A.  Privacy Policy.

Website owners often times ignore the Privacy Policy for their site because there is not a lot of information on needs and requirements. The Privacy Policy for a website is a very important element if there are any breaches of security. This policy is the statement that you make to visitors to your website about what you will do with information gathered from them, how you are gathering that information and how the information will be stored, among other things.

Along with your website Privacy Policy it is very important that employees understand those privacy practices and can communicate them to customers and users.

Your individual Privacy Policy is wholly up to your company and its individual commitment to privacy. Here are some things to think about when determining policy:

1. If you collect personal data, you should explain what you intend to do with that data.

2. You should explain how the personal data is collected, i.e., the use of cookies or an online account system.

3. If you use third party merchant services, you will need to check those merchants’ requirements and terms to make sure you are in compliance.

4. You should explain how the data is stored and protected and for how long the information will be held.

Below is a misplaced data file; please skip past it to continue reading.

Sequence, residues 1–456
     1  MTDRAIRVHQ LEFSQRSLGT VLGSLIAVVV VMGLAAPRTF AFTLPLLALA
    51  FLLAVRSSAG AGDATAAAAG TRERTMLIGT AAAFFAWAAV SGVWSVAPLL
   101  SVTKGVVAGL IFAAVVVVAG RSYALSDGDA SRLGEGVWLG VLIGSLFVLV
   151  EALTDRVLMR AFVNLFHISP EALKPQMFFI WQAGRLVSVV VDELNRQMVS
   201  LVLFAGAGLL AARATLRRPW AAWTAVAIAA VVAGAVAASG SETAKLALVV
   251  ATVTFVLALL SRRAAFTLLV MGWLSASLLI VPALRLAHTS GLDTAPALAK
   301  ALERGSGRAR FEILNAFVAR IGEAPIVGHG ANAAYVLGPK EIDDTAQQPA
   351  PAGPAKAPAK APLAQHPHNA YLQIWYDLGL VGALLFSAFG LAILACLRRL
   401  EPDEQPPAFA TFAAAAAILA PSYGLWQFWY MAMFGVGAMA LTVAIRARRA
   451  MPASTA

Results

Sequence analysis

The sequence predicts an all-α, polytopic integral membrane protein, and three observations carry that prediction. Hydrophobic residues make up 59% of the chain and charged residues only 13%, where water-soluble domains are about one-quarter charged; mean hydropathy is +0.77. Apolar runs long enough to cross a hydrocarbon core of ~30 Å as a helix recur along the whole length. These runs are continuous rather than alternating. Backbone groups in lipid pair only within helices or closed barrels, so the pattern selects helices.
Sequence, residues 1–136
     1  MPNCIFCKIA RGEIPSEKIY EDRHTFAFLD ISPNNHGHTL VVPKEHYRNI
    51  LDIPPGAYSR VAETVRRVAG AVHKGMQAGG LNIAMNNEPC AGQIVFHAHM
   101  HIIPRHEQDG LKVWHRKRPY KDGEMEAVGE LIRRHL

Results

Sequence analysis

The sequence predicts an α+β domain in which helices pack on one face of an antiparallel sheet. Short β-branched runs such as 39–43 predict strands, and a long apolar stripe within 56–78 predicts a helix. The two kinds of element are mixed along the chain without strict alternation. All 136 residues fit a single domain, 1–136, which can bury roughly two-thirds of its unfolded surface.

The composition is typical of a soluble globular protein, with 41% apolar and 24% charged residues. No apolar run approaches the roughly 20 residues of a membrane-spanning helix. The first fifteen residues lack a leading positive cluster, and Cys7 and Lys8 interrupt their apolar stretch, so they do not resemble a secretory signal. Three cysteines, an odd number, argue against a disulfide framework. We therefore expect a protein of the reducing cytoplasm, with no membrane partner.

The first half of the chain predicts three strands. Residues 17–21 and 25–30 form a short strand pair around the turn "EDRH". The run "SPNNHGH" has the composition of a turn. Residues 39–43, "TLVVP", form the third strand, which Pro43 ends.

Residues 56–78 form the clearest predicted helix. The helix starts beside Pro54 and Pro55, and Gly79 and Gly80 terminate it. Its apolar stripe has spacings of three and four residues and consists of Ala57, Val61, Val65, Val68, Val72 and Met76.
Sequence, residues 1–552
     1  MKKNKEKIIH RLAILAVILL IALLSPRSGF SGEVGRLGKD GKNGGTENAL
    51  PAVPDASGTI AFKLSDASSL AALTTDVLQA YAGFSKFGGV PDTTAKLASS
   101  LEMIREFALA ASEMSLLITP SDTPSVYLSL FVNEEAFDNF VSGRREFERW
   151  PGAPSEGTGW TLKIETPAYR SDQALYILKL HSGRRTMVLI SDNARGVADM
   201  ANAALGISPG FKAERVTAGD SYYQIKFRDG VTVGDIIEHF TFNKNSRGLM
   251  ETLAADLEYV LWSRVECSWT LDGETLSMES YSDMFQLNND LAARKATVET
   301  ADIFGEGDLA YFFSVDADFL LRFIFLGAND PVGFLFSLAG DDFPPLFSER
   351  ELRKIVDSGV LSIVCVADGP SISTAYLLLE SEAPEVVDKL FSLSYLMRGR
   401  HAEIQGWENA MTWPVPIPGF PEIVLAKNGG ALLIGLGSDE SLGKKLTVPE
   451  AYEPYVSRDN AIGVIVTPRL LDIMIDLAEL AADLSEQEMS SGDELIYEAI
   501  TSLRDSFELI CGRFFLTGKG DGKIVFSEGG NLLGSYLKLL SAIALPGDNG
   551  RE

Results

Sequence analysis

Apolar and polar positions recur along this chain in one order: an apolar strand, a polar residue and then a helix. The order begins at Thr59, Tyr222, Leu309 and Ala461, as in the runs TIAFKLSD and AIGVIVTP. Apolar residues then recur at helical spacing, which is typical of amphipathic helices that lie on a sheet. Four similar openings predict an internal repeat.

5. Who within your company has access to the data?

6. Does your website link to any third party websites that have their own privacy policies that may need to be incorporated into your own policy?

7. What can a user do if the Privacy Policy is not met?

Once a Privacy Policy is posted online, it is crucial that your company adheres to it. If the Privacy Policy is not followed, your business may be in violation of state and federal consumer protection laws.

B.  Terms and Conditions.

Terms and Conditions are not legally necessary unless you are collecting personal data. These terms can both limit your liability, should you be confronted with a lawsuit against your business, and protect your rights to the content on your site.

Here are some things to consider and include in your Terms and Conditions.

1. Always include a copyright notice and any trademarks.

2. Limit your liability by having a disclaimer if you have errors in your content.

3. Provide that the laws of the state in which your website operates governs any controversies.

While it is not necessary to have an attorney draft your Terms and Conditions and Privacy Policy, and there are sites from which you can generate your own Terms, it is a good idea to consult an attorney to make certain that you have covered everything your business requires. Do not simply ‘copy and paste’ Privacy Policies and Terms and Conditions from another website since they may not apply to your business, and it is considered copyright infringement.

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